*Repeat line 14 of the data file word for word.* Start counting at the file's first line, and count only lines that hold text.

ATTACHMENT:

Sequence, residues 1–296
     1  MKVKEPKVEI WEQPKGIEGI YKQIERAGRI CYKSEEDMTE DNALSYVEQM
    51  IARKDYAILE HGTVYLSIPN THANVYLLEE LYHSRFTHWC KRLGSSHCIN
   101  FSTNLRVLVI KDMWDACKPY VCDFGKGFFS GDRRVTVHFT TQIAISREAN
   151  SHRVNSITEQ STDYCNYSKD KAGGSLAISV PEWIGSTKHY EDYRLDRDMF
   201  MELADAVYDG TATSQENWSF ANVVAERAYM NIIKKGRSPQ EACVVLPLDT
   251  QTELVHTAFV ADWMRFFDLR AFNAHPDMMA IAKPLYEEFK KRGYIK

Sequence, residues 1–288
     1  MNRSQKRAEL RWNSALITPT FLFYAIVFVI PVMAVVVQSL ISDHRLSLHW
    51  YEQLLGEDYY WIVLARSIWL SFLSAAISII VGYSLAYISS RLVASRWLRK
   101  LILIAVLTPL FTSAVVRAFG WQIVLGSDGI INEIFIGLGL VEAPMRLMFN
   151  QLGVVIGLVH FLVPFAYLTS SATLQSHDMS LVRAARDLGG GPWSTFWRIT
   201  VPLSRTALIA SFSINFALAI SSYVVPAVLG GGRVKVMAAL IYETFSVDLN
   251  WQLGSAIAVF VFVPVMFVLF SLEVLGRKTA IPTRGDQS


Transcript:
   251  WQLGSAIAVF VFVPVMFVLF SLEVLGRKTA IPTRGDQS